The first and obvious question most employees ask me in this situation is whether they are even in breach of their contract when they decide to resign before the end of a 2 or 3 year employment contract. The answer is “yes.” The employee agreed to work for a definite period of time and failure to perform as promised is a breach of the employment contract. The more difficult issue is determining the damages an employer can recover. In these instances, many employers at least initially seek to recover the lost net profits caused by the employee’s departure. The majority of courts in other states that have considered this claim, however, have rejected it. Those courts generally hold that a damages award based on a projection of the future net profits that would be earned in the future from a single employee’s labor is entirely speculative and therefore cannot provide the basis for an award. These courts have instead limited employers to recovery of reasonable expenses incurred to recruit and if appropriate, train a replacement. In some instances, the employer may be able to recover the difference between compensation paid to the departing employee and his replacement for the remainder of the term, if the employer had to pay a higher amount to obtain a replacement for the position.
So how can an employer protect itself from the unexpected loss of a valuable income producing employee under these circumstances? There are 3 employer recovery provisions that should be considered for inclusion in employee contracts. First, if the employer paid any pre-employment compensation, such as a sign-on bonus or moving expenses, the contract may provide for reimbursement of all or a prorated portion of those should the employee resign before expiration of the term. Second, a similar reimbursement provision might be considered for out of the ordinary training expenses incurred at the outset of employment. Third, the employer should consider appropriate use of what are called “liquidated damages” for an employee’s early departure. Liquidated damages constitute an agreement by the contracting parties of the extent of damages the employer would sustain if the employee leaves early. For those of you who are college football fans, the “contract buyout” the coach your school wants to hire must pay his former school to leave is a form of liquidated damages.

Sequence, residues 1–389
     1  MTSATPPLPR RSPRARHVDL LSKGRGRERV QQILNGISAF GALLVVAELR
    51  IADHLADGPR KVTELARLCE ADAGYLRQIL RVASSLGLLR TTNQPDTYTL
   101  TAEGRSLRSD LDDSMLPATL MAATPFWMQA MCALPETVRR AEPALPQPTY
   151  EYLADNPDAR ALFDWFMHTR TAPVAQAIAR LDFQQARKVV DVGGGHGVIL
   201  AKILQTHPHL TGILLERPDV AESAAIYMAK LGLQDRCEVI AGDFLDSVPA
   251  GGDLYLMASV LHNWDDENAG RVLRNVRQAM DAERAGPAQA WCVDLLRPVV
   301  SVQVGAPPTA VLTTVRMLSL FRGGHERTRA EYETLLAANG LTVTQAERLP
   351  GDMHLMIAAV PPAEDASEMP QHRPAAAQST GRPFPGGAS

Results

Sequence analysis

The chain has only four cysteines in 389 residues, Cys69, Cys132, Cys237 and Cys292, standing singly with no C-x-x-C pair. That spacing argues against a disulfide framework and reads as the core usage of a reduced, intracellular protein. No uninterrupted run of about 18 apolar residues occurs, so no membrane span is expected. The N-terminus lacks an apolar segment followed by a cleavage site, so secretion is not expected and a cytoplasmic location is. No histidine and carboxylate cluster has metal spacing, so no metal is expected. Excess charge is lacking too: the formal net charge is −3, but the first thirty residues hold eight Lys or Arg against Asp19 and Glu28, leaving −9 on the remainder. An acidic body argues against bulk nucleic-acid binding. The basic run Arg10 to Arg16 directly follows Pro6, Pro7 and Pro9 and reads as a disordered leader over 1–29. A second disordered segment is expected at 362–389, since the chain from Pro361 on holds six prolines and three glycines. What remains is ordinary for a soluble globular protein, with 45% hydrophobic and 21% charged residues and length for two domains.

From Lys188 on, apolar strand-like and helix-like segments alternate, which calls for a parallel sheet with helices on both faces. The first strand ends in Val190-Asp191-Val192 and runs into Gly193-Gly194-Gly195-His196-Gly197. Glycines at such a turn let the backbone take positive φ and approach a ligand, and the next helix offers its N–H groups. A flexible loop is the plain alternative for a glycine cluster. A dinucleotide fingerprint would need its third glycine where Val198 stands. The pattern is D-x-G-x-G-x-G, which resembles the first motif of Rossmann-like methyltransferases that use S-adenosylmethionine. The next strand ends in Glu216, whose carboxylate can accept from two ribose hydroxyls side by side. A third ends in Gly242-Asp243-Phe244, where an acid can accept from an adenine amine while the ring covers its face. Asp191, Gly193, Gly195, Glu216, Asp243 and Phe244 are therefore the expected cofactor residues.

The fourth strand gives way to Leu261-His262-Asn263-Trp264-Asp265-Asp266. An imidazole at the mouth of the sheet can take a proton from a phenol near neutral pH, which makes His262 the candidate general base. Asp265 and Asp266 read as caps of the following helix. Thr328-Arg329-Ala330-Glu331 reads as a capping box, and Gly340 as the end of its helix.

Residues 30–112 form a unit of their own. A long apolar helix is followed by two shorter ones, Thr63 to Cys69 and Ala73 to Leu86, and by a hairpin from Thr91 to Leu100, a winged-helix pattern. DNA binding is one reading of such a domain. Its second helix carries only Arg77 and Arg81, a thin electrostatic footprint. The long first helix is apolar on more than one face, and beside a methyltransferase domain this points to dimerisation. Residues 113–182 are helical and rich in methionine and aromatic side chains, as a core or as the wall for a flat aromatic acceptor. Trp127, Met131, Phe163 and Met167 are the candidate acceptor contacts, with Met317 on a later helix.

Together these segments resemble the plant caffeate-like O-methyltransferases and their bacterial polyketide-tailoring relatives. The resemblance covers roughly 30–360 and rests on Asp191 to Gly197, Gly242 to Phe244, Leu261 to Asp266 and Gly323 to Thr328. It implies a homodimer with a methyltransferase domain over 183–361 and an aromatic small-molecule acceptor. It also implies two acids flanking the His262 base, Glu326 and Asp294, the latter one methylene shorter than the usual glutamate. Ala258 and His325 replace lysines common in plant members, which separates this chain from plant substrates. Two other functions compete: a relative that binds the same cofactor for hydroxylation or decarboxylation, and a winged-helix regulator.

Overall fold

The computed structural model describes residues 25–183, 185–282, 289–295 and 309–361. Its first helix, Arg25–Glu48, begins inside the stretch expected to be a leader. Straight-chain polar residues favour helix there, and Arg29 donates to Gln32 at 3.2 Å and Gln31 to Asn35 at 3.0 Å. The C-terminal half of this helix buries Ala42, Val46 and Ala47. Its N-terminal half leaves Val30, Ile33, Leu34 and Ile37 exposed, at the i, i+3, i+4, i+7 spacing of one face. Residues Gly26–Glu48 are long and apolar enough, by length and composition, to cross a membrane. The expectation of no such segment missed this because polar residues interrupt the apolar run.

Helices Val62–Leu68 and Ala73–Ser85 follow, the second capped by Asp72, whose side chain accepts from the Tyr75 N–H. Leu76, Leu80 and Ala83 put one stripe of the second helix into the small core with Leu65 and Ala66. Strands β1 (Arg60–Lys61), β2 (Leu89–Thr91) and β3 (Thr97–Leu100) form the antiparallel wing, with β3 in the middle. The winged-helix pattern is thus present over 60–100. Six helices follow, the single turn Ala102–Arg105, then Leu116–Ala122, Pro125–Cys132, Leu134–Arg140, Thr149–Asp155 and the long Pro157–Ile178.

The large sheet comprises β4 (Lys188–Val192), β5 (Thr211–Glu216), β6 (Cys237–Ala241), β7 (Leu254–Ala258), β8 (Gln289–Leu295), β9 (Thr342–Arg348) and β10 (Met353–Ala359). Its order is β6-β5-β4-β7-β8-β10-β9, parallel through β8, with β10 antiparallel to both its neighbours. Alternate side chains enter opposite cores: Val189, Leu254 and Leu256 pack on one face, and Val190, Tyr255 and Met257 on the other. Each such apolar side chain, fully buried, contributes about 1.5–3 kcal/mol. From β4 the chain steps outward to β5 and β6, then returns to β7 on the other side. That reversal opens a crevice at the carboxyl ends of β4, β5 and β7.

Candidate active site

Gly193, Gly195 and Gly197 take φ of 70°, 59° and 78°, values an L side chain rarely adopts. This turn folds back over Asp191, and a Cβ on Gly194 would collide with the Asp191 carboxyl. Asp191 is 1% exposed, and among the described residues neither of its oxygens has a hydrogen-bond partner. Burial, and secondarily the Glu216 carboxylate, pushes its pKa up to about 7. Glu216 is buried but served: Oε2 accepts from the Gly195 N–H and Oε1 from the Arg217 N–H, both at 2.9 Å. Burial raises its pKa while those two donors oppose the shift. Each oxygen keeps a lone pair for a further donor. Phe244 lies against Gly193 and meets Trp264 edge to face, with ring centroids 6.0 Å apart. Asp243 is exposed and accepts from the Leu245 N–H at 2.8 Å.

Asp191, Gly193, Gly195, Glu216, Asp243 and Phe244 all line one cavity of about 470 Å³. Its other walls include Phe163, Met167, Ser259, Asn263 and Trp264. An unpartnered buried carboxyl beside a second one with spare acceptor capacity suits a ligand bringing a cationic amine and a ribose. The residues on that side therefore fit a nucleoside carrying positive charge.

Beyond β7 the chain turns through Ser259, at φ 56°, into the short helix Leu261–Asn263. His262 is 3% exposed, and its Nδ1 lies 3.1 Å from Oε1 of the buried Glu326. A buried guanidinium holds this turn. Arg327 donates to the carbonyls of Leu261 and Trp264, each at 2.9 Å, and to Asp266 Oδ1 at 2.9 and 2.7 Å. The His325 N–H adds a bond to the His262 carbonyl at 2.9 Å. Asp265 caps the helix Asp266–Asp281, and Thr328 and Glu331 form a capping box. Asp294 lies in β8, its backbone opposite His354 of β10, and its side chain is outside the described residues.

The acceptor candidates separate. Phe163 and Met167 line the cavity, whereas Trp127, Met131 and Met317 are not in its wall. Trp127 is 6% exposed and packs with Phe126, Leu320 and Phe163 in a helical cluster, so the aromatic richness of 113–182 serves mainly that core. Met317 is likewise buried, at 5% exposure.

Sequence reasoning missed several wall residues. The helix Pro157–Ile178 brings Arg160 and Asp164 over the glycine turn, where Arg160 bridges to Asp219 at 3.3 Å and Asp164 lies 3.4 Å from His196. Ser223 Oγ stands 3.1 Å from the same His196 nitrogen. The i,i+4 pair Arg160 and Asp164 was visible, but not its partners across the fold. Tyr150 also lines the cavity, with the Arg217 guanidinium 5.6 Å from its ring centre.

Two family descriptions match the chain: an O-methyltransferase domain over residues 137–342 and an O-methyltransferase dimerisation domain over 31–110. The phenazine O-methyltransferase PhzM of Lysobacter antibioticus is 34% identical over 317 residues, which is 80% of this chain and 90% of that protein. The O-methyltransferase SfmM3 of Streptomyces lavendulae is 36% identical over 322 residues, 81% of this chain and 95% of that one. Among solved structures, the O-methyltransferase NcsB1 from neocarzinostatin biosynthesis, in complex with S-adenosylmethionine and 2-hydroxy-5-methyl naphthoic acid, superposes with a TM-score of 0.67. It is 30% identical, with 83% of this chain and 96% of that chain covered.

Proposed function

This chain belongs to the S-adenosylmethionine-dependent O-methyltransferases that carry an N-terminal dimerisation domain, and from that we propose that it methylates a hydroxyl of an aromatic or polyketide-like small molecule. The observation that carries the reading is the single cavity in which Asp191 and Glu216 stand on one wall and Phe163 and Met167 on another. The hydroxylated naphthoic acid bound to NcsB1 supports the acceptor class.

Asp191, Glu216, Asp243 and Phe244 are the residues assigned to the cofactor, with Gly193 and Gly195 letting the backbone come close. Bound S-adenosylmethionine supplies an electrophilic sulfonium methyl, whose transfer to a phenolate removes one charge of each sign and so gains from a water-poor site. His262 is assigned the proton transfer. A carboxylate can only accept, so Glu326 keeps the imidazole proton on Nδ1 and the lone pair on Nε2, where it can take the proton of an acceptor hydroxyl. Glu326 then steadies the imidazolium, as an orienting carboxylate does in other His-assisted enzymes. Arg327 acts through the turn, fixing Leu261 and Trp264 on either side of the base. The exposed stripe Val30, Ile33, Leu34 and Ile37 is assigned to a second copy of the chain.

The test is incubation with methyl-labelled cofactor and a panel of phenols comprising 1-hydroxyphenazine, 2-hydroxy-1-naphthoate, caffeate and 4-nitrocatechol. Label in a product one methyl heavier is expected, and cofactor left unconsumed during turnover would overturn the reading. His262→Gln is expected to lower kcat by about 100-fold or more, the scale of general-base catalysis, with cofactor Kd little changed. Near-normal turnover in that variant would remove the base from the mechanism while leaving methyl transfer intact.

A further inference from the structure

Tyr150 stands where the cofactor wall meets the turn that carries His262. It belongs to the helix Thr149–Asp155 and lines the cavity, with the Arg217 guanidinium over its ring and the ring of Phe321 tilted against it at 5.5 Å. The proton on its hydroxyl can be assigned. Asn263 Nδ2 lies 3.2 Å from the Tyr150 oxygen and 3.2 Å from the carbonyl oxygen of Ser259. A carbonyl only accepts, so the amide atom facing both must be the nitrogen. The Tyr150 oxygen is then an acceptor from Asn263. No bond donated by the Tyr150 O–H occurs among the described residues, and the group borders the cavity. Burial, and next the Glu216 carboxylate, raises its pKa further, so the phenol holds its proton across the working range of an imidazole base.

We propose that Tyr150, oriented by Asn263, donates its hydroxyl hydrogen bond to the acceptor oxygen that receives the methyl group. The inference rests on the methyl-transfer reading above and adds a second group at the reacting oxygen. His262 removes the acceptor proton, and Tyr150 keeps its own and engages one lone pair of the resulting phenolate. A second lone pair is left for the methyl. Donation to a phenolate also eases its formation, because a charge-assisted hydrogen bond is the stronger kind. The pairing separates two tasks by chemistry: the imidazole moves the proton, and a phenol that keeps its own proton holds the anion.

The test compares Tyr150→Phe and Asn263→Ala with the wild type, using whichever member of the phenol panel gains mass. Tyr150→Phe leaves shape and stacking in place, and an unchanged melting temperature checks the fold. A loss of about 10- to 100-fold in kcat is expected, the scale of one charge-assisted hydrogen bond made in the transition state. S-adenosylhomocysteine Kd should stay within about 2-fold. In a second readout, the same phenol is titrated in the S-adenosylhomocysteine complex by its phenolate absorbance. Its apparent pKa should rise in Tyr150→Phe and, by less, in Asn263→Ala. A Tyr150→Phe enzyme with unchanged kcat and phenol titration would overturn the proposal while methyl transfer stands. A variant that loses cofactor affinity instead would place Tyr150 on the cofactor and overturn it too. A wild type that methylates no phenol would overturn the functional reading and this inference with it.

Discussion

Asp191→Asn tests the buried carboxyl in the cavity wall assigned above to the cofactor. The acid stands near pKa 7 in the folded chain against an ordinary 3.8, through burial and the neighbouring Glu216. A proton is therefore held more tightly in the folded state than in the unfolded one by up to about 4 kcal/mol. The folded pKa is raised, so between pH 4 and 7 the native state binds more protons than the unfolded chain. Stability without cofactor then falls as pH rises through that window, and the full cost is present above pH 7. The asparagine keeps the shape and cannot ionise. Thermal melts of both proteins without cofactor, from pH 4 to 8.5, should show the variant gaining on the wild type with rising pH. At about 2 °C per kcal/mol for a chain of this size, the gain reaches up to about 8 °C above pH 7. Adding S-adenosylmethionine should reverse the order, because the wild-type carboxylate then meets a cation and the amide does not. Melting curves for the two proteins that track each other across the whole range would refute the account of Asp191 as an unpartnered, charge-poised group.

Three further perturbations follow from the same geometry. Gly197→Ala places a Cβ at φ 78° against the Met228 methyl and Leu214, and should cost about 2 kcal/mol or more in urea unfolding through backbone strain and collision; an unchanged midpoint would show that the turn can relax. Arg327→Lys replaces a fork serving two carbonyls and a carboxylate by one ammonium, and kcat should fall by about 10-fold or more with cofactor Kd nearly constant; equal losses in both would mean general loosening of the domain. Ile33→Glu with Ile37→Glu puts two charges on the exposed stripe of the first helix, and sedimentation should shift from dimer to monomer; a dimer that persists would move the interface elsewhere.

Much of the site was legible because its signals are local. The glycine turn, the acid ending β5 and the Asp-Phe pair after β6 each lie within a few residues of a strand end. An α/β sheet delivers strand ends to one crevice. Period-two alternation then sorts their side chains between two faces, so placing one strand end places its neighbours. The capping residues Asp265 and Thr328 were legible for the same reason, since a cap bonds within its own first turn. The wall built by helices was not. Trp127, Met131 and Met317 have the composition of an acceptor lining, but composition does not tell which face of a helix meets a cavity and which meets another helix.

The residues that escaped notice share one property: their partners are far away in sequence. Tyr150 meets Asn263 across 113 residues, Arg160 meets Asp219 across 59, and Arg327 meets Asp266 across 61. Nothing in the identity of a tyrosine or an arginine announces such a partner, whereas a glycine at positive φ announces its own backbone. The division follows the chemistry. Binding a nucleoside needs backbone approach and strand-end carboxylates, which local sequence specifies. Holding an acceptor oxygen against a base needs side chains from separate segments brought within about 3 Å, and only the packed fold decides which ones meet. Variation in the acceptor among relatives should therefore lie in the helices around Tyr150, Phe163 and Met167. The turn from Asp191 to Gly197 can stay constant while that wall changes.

These employer recovery terms are quite valuable and if drafted appropriately are clearly enforceable in Tennessee. If drafted improperly, found to be overreaching or otherwise unfair, they ultimately may be worthless once subjected to court review. Tennessee courts have developed a body of law on the issue of liquidated damages in the employment context. Experienced employment counsel should be consulted any time use of such clauses are under consideration in order to avoid the pitfalls of inappropriate drafting.